Samiksha Jaiswal

Cape file snake

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Kingdom  Animalia
Suborder  Serpentes
Subfamily  Boodontinae
Scientific name  Mehelya capensis
Higher classification  Mehelya
Order  Scaled reptiles
Subphylum  Vertebrata
Family  Colubridae
Genus  Mehelya
Phylum  Chordata
Rank  Species
Cape file snake httpsc1staticflickrcom3274242226823024e6e
Similar  Mehelya, Snake, Reptile, Gonionotophis, Colubridae

Cape file snake mehelya capensis

Mehelya capensis, commonly known as the Cape file snake, is a species of large, non-venomous snake endemic to Africa, belonging to the family Colubridae. It is one of several species in the genus Mehelya, all of which are considered varieties of file snake. File snakes are set apart by their unusual scale patterns.


Cape file snake Mehelya capensis Southern file snake Cape file snake

Cape file snake mehelya capensis

Geographic range

Cape file snake SAReptiles View topic Cape File Snake photos

It is found from Natal northwards through the former Transvaal and Zimbabwe, and westwards to the Caprivi Strip and Namibia, thence northwards to Cameroon and Somalia.


Cape file snake Minden Pictures stock photos Cape file snake Mehelya capensis

With an average total length (body + tail) of about 120 centimetres (3 ft 11 in), specimens of 165 cm (5 ft 5 in) total length have been recorded. It has a very flat head, and its body is strikingly triangular in cross-section.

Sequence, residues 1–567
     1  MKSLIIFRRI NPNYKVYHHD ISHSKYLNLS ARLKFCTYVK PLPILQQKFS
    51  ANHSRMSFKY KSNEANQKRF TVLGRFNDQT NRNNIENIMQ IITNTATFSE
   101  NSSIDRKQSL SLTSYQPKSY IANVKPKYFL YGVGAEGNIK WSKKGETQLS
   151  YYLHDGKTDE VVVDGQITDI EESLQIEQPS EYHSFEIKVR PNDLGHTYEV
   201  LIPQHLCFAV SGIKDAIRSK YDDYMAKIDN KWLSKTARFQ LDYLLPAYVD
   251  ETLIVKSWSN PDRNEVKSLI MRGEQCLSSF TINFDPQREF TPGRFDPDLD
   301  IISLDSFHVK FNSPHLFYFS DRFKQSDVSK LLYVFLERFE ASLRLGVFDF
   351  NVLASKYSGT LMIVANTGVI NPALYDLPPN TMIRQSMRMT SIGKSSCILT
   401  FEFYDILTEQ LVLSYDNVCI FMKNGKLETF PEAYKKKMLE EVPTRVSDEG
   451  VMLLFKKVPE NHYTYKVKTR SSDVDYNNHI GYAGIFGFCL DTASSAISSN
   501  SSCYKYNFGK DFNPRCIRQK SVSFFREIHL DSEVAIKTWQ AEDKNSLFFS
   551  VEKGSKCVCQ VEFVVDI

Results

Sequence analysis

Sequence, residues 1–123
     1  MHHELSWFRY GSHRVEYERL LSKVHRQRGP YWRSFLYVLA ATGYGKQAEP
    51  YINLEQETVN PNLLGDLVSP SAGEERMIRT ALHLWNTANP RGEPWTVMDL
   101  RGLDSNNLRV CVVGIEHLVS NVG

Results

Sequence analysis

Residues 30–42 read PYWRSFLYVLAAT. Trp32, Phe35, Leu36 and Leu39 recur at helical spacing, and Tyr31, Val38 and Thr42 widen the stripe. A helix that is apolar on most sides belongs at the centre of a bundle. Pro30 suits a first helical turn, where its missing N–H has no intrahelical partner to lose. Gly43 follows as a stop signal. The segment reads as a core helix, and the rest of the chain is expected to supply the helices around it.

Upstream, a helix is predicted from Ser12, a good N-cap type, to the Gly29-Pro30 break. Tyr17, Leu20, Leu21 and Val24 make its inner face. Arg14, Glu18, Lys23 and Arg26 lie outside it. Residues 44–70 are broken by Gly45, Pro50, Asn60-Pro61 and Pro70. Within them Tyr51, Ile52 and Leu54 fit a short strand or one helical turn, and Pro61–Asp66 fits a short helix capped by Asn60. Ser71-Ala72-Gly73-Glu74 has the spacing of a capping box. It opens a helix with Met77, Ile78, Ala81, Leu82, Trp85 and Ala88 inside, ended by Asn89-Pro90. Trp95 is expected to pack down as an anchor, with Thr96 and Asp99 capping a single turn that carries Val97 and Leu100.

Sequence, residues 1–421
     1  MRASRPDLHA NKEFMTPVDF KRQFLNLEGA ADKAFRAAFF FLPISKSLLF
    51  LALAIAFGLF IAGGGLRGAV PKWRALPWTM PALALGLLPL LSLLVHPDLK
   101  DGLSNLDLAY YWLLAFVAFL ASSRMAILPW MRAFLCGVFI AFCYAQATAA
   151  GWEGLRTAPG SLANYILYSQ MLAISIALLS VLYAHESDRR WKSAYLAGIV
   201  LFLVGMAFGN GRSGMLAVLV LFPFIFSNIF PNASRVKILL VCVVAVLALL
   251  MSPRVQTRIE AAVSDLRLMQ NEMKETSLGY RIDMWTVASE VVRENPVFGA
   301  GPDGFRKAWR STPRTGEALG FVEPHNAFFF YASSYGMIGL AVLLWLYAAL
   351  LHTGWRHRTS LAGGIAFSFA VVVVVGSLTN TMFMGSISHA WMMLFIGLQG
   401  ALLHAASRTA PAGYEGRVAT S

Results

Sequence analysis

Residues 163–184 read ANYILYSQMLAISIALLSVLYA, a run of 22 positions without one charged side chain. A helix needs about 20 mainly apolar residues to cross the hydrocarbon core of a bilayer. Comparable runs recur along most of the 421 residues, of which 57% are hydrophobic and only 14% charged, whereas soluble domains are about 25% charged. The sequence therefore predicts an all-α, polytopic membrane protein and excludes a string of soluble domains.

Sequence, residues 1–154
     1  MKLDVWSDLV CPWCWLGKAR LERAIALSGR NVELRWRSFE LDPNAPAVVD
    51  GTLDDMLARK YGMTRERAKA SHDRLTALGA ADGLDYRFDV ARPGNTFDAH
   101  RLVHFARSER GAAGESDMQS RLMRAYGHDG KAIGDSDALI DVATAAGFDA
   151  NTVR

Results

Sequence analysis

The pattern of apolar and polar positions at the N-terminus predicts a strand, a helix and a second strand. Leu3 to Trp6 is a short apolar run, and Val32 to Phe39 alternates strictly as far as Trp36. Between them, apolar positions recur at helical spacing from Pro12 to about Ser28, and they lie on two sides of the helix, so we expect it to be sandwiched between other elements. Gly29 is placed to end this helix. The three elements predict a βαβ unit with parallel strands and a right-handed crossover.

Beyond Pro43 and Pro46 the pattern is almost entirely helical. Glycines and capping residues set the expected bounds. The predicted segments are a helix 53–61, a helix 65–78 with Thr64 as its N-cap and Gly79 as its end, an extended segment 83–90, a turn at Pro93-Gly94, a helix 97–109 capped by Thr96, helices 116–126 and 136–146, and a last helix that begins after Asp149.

Cape file snake CalPhotos

The Cape file snake's dorsal scales are strongly keeled with extensive pink-purple bare skin between the scales. Its colour is mostly grey to grey-brown, but occasionally dark olive to purple-brown. The prominent vertebral stripe is white to yellow, while the belly is ivory white to cream.

Cape file snake Cape File Snake Mehelya capensis mehelya Flickr

The dorsal scales, in addition to the strong primary keel, have secondary keels and tubercles, but no apical pits. The dorsal scales are arranged in 15 rows at midbody (in 17 rows on the neck). The ventrals number 203-241. The anal plate is undivided. The subcaudals number 45-61, and are divided (in two rows).


Three subspecies are recognized, including the nominotypical subspecies.

  • Mehelya capensis capensis (A. Smith, 1847)
  • Mehelya capensis savorgnani (Mocquard, 1887)
  • Mehelya capensis unicolor (Boulenger, 1910)
  • Habitat

    Mehelya capensis prefers savannahs and coastal forests.


    Cape file snake Mehelya capensis Southern file snake Cape file snake

    Though it is not venomous, the Cape file snake is a highly successful predator of other snakes, easily following a scent trail and apparently immune to all venom. It also preys on small vertebrates.


    Rarely attempting to bite when captured, it may defecate in self-defence.


    This species is oviparous. In summer, an adult female may lay one or two clutches of eggs. Clutch size varies from 5-13. The eggs are large, 47-55 mm (about 2 inches) long, by 20-31 mm (about 1 inch) wide. The hatchlings are 39-42 cm (about 16 inches) in total length (body + tail).


    Cape file snake Wikipedia

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